Facebook has already included lists for you to populate. There are Close Friends for people you keep in contact with, and Acquaintances for people you don’t. Restricted is useful for people like your boss and managers; I’d include co-workers with the insatiable need to gossip in this list also. Or you can create you own.
What’s the difference?
Stuff Lists Do Groups Can’t
- Lists are connected to your security settings.
NOTE: If you use a list to limit your audience, your default may reset to that list. I’ve had that happen, but can’t verify or recreate it happening every single time. If it does, you can change it by setting the next post to Friends or whichever list you wish the post sent. Or you can do it through settings.
- Lists will not notify all your Facebook contacts you’ve create a new list. When you create a new group, it’s blabbed all over your Facebook.
Stuff Groups Do Lists Don’t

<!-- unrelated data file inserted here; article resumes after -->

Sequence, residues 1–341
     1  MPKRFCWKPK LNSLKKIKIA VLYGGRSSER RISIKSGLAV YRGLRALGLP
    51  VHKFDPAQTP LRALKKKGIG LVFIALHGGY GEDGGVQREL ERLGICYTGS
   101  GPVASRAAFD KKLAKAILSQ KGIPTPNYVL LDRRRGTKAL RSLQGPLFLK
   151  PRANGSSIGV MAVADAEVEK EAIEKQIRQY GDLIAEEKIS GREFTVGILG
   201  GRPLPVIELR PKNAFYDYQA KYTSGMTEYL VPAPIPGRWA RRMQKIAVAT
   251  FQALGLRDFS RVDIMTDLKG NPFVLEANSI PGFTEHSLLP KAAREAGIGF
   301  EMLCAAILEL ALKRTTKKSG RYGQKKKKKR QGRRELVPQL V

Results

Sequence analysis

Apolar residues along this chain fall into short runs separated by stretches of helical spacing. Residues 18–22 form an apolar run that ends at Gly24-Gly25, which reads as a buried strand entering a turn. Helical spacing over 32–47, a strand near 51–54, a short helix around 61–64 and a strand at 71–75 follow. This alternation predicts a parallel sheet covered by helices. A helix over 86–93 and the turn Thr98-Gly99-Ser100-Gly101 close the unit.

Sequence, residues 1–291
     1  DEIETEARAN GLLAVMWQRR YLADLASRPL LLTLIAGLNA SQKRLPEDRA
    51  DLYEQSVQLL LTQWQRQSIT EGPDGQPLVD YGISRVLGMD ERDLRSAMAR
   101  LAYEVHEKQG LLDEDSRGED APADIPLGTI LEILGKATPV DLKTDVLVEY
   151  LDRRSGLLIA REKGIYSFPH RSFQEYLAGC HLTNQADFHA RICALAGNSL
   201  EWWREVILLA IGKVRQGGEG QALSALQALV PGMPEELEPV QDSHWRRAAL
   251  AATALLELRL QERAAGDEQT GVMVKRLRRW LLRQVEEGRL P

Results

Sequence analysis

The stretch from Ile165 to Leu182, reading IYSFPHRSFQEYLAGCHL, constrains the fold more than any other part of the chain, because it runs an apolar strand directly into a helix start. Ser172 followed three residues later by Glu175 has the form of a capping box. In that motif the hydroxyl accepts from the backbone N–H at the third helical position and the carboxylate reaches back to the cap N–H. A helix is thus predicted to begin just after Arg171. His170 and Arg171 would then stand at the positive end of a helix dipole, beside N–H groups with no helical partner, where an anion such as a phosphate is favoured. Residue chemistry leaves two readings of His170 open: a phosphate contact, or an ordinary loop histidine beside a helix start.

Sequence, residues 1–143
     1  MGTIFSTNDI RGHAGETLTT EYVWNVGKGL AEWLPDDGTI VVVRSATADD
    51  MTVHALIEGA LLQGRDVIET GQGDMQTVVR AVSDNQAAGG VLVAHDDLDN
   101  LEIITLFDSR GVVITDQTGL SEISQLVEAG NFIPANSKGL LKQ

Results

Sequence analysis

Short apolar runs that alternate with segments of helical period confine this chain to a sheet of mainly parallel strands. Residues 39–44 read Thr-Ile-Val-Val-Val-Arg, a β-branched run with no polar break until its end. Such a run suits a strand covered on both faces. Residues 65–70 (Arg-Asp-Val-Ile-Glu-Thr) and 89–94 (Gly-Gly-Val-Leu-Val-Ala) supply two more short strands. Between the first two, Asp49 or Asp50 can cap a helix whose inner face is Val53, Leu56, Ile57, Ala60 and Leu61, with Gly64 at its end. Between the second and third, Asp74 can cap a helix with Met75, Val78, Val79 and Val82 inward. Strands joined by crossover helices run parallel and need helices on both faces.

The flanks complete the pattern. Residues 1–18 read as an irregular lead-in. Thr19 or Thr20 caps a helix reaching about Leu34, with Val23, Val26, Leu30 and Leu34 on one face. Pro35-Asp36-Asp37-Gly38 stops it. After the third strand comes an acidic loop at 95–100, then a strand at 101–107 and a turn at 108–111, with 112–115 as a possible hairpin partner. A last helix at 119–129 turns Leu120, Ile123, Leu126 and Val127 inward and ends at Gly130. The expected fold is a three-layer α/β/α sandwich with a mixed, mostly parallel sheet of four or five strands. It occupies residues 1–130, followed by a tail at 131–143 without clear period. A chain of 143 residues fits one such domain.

1) Groups limit what people view on your wall. You can set a group to only see what you’ve posted for that group.
You could do this for lists, but you’d need several monster lists minus the special people you wish to un-include.
2) Groups are customizable.
- You can set a specific picture to represent your group.
- Administrators can be assigned.
- Groups can have their own customized email address.
This is kind of a neat feature. When information is sent to the Group’s email address, it posts to their wall.
3) You can use the Share feature on Group posts. Lists don’t support this function.
Making a List
Using Your New List
When you post in the “What’s on your mind?” Facebook box, you can choose your list.
Yes, I have tested this. Only the people on your list can see your post.
FYI: If you switch lists, your post is removed from the original recipient’s page and resent to the new receiver.
Remember: the List function may set the last list used as your default.
Updating Your Lists
Creating A Group
You’ve got your security settings just like you want them… secure. So you might not want everyone and his dog —yes, some canines love Facebook — seeing your reply comments.
Are you ever curious about who can see what you write on someone else’s post?
Who Can View Your Comments